Campylobacter jejuni is a Gram-negative slender, curved, and motile rod. It is a microaerophilic organism, which means it has a requirement for reduced levels of oxygen. It is relatively fragile, and sensitive to environmental stresses (e.g., 21% oxygen, drying, heating, disinfectants, acidic conditions). Because of its microaerophilic characteristics the organism requires 3 to 5% oxygen and 2 to 10% carbon dioxide for optimal growth conditions. This bacterium is now recognized as an important enteric pathogen. Before 1972, when methods were developed for its isolation from feces, it was believed to be primarily an animal pathogen causing abortion and enteritis in sheep and cattle. Surveys have shown that C. jejuni is the leading cause of bacterial diarrheal illness in the United States. It causes more disease than Shigella spp. and Salmonella spp. combined.
Although C. jejuni is not carried by healthy individuals in the United States or Europe, it is often isolated from healthy cattle, chickens, birds and even flies. It is sometimes present in non-chlorinated water sources such as streams and ponds.
Because the pathogenic mechanisms of C. jejuni are still being studied, it is difficult to differentiate pathogenic from nonpathogenic strains. However, it appears that many of the chicken isolates are pathogens.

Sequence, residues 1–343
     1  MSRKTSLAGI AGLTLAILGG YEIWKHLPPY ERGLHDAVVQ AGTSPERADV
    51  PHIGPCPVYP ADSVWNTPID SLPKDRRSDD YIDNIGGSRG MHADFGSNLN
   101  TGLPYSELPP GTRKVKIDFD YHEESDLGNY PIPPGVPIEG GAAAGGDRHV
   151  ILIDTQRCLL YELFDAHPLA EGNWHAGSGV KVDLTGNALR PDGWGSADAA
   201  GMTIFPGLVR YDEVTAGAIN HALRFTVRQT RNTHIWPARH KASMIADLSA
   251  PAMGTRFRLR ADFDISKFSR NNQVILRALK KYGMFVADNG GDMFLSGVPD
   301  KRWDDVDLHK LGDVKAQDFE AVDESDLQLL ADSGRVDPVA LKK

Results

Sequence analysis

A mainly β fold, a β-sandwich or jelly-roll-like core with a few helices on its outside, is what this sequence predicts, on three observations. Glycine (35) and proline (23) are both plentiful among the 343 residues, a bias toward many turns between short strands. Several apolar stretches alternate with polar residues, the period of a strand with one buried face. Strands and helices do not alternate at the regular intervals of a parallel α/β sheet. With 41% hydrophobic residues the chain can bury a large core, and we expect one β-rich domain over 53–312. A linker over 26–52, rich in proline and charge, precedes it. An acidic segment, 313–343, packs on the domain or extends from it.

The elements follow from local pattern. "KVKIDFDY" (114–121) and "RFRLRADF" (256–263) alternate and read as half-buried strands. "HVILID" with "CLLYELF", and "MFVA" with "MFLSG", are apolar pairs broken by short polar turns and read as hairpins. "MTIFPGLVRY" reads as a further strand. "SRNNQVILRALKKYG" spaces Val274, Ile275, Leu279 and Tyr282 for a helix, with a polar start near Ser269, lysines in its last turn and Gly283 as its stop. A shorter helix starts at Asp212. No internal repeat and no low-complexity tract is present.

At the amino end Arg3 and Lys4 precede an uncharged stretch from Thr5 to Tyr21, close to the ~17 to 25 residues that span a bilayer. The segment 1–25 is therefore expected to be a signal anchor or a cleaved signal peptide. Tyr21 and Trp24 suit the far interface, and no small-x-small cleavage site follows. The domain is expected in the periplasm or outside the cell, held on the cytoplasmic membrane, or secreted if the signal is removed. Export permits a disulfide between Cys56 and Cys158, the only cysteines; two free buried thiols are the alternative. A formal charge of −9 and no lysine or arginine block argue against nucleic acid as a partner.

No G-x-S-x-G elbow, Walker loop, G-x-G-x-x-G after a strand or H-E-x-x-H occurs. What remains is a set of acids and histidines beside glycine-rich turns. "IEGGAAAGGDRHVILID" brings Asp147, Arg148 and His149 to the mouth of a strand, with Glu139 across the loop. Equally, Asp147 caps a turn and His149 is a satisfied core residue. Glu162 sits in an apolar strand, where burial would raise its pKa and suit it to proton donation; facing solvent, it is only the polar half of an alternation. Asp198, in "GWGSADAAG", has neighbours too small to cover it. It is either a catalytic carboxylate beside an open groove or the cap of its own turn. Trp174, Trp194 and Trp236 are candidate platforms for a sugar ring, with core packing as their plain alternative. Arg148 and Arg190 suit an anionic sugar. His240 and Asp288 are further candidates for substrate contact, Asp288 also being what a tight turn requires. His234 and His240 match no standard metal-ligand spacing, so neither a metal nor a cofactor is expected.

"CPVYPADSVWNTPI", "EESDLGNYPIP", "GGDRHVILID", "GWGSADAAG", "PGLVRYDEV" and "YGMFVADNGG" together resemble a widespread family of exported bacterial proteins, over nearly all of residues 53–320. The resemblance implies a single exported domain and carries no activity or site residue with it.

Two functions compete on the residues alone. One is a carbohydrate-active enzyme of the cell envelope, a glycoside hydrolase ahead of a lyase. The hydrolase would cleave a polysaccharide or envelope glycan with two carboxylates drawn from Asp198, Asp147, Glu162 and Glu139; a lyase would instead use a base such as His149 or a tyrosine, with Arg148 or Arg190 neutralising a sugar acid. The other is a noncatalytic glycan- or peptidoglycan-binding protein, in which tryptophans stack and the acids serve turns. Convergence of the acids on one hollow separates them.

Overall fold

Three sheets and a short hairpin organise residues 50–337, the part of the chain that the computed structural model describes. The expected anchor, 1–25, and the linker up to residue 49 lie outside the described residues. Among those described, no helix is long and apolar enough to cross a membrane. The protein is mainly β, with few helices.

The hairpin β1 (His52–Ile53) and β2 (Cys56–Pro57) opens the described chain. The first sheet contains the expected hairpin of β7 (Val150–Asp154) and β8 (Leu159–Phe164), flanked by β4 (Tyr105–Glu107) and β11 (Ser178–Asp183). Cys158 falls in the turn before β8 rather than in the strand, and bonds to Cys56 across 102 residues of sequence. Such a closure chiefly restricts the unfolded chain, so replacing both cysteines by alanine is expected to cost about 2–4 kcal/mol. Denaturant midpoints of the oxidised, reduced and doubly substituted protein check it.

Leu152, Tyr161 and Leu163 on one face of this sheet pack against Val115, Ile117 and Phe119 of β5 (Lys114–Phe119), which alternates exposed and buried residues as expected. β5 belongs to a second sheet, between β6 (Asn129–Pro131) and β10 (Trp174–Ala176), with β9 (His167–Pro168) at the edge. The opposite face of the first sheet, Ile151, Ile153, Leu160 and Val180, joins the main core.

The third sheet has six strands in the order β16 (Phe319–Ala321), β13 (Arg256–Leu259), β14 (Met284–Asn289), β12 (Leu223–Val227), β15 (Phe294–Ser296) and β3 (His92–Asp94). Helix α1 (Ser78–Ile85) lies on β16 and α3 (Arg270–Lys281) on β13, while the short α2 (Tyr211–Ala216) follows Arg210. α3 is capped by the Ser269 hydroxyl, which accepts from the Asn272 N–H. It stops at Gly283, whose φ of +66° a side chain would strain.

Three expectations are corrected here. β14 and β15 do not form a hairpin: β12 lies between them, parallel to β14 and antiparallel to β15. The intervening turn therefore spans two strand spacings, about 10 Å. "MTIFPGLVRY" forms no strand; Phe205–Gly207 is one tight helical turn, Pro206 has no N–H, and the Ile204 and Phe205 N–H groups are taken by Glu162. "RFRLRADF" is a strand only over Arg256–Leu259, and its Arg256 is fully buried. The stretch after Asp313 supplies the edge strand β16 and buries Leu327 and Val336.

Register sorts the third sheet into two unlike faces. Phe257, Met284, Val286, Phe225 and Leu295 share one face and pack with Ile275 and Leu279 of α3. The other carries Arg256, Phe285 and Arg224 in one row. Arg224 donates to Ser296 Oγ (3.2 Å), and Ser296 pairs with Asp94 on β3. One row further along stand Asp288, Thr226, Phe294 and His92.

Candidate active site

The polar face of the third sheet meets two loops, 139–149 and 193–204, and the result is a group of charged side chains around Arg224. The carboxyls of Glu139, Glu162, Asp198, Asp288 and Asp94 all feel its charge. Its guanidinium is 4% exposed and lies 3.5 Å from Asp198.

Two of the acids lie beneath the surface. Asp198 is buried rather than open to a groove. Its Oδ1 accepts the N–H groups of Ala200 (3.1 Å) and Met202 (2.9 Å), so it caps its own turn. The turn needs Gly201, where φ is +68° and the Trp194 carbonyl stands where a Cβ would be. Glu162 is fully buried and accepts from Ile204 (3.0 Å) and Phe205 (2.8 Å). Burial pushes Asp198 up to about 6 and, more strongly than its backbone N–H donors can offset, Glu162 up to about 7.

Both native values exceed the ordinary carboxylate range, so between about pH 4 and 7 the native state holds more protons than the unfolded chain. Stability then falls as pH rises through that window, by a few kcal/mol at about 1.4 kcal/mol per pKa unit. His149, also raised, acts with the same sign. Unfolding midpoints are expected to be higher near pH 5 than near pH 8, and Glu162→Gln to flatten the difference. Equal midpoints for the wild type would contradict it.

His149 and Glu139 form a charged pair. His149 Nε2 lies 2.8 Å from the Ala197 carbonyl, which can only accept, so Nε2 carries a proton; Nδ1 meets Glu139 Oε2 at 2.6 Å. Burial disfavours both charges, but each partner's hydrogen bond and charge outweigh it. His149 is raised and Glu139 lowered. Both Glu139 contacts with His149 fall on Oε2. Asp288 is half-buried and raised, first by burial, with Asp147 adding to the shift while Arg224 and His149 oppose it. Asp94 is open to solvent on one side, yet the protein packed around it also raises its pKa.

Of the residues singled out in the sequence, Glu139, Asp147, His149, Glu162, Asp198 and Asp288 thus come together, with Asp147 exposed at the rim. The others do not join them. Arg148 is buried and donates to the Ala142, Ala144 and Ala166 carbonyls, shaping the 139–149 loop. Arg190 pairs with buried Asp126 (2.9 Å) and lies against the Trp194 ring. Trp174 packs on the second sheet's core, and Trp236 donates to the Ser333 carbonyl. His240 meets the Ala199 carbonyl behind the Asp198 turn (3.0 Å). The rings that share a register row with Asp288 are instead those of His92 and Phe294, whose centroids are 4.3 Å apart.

Name of Disease: Campylobacteriosis is the name of the illness caused by C. jejuni. It is also often known as campylobacter enteritis or gastroenteritis.
Major Symptoms: C. jejuni infection causes diarrhea, which may be watery or sticky and can contain blood (usually occult) and fecal leukocytes (white cells). Other symptoms often present are fever, abdominal pain, nausea, headache and muscle pain. The illness usually occurs 2-5 days after ingestion of the contaminated food or water. Illness generally lasts 7-10 days, but relapses are not uncommon (about 25% of cases). Most infections are self-limiting and are not treated with antibiotics. However, treatment with erythromycin does reduce the length of time that infected individuals shed the bacteria in their feces.
The infective dose of C. jejuni is considered to be small. Human feeding studies suggest that about 400-500 bacteria may cause illness in some individuals, while in others, greater numbers are required. A conducted volunteer human feeding study suggests that host susceptibility also dictates infectious dose to some degree. The pathogenic mechanisms of C. jejuni are still not completely understood, but it does produce a heat-labile toxin that may cause diarrhea. C. jejuni may also be an invasive organism.
Isolation Procedures: C. jejuni is usually present in high numbers in the diarrheal stools of individuals, but isolation requires special antibiotic-containing media and a special microaerophilic atmosphere (5% oxygen). However, most clinical laboratories are equipped to isolate Campylobacter spp. if requested.
Associated Foods: C. jejuni frequently contaminates raw chicken. Surveys show that 20 to 100% of retail chickens are contaminated. This is not overly surprising since many healthy chickens carry these bacteria in their intestinal tracts. Raw milk is also a source of infections. The bacteria are often carried by healthy cattle and by flies on farms. Non-chlorinated water may also be a source of infections. However, properly cooking chicken, pasteurizing milk, and chlorinating drinking water will kill the bacteria.